Photo: Andy Bartlett
Photo: Andy Bartlett

Some sites have been lost to development or through ploughing.  Some precious grasslands have been converted to gardens or overgrazed by horses or livestock.  Others have been planted over with trees.  But many more have simply deteriorated to such an extent that the plants and animals that make them special have disappeared. This leads to “de-selection” as a Local Wildlife Site (there is simply not enough good habitat left to justify keeping the Local Wildlife Site designation) and, with this a loss of any protection the site had – however meagre – via the local planning system. So not only are we losing (bio)diversity and beauty from our countryside – our overall area of protected land is being eroded away.  It’s the story of what is happening to nature across the country. The precious wildlife sites we have saved will remain isolated and vulnerable without concerted efforts to connect and extend them where we can.

An additional factor is agricultural change and what this could mean for wildlife.  Natural England estimate a loss of 288, 960ha of permanent pasture since 2005 (1).  This is a complex statistic to analyse in terms of impacts on wildlife but in some places it will reflect a continual intensification of land management and pressure on wildlife and ecosystems.

Photo: Cumbria Wildlife Trust
Photo: Cumbria Wildlife Trust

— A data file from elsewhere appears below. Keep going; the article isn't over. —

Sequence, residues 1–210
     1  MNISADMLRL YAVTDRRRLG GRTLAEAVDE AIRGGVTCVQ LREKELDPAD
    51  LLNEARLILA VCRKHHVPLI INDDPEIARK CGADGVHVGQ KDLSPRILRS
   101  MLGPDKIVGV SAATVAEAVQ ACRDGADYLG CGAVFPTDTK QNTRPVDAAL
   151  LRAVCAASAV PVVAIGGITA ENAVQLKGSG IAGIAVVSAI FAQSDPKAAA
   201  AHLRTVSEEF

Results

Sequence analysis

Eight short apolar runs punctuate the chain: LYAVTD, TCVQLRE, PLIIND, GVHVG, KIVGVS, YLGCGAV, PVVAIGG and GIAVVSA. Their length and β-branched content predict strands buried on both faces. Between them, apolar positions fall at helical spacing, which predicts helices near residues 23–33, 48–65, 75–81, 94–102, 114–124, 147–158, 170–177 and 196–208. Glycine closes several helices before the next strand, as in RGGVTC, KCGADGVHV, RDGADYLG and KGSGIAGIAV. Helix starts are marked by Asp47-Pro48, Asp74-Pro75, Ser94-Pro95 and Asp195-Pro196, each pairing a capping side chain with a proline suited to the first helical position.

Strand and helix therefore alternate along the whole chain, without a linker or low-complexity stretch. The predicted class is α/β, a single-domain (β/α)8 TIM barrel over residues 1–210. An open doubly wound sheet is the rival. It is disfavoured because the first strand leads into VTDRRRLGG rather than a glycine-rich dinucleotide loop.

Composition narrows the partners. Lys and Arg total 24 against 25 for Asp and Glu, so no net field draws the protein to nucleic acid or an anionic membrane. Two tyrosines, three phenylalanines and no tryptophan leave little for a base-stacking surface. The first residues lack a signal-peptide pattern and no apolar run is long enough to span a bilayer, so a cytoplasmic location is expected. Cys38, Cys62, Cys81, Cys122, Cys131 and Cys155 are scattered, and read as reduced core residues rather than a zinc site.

Grasslands don’t occupy the same place in our psyche as ancient woodland but in my view they should.  Traditional and wildlife-rich grasslands are seriously undervalued.  They’re easily overlooked and, sadly, all too easily destroyed.  They are probably the most vulnerable of habitats – even slight exposure to artificial fertiliser, for example, can cause serious damage. Yet grasslands, along with woodland, open water, heaths, uplands, bogs, parks and gardens are an essential part of our network of spaces for nature.

So what do we need to do, and why now?

Government is in the process of making decisions about the final stages of implementation of the Common Agricultural Policy (CAP) in England – specifically on revised cross compliance rules and new greening measures.  Both are linked to direct payments made to farmers.  We are lobbying Government on both issues and the next few weeks are critical.  But there is a need and an opportunity to call for other mechanisms to be used to strengthen grassland protection.

Wildlife-rich grassland used to be a common sight in the countryside.  If we don’t wake up to this decline, John Clare’s “wild flowers studding every inch of ground” or “the field flowers free for all” will only exist in a few protected nature reserves.  If you agree that something urgently needs to be done to save our vanishing grasslands please sign our e-petition

We’re asking the Government to:

 

1 Improve existing laws and policies and effectively enforce them – Environmental Impact Assessment (Agriculture) Regulations need to be strengthened and grasslands should be given better protection through planning policy.

2 Support wildlife-rich grasslands on farmland – Farmers should be fully rewarded for managing important grasslands (e.g. through farm environment schemes) and stronger requirements for protection should be attached to the direct payments all farmers receive from the public purse.